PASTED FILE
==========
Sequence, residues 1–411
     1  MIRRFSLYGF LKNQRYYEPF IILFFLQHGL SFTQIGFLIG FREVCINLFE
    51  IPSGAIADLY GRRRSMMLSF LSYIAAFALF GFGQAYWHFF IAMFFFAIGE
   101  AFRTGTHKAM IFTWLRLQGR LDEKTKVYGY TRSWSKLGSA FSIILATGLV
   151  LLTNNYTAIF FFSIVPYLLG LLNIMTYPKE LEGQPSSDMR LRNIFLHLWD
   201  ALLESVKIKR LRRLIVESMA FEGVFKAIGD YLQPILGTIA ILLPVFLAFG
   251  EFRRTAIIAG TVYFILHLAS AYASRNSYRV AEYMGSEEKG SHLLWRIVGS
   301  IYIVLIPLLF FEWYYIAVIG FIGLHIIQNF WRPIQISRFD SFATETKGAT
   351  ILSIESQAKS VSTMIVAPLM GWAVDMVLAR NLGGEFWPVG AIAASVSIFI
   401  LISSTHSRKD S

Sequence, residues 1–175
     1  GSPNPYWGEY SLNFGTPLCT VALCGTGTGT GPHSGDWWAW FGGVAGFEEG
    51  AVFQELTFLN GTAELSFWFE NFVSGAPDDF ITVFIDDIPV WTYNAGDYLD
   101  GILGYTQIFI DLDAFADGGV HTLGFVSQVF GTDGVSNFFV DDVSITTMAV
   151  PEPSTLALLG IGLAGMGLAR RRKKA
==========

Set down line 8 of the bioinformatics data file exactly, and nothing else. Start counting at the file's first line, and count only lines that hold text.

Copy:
   301  IYIVLIPLLF FEWYYIAVIG FIGLHIIQNF WRPIQISRFD SFATETKGAT